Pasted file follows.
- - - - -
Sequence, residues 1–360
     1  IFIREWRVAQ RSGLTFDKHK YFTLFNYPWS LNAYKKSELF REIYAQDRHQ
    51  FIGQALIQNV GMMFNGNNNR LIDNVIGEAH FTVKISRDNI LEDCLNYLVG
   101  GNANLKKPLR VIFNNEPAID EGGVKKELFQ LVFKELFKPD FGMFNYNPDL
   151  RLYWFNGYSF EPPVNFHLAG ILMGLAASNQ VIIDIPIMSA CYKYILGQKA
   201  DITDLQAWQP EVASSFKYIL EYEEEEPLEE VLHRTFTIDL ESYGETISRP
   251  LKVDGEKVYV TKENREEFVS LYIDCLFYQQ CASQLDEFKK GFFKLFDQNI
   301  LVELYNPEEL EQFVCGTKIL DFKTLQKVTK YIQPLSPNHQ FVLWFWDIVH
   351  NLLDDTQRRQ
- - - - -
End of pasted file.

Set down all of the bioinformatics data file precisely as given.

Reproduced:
Sequence, residues 1–360
     1  IFIREWRVAQ RSGLTFDKHK YFTLFNYPWS LNAYKKSELF REIYAQDRHQ
    51  FIGQALIQNV GMMFNGNNNR LIDNVIGEAH FTVKISRDNI LEDCLNYLVG
   101  GNANLKKPLR VIFNNEPAID EGGVKKELFQ LVFKELFKPD FGMFNYNPDL
   151  RLYWFNGYSF EPPVNFHLAG ILMGLAASNQ VIIDIPIMSA CYKYILGQKA
   201  DITDLQAWQP EVASSFKYIL EYEEEEPLEE VLHRTFTIDL ESYGETISRP
   251  LKVDGEKVYV TKENREEFVS LYIDCLFYQQ CASQLDEFKK GFFKLFDQNI
   301  LVELYNPEEL EQFVCGTKIL DFKTLQKVTK YIQPLSPNHQ FVLWFWDIVH
   351  NLLDDTQRRQ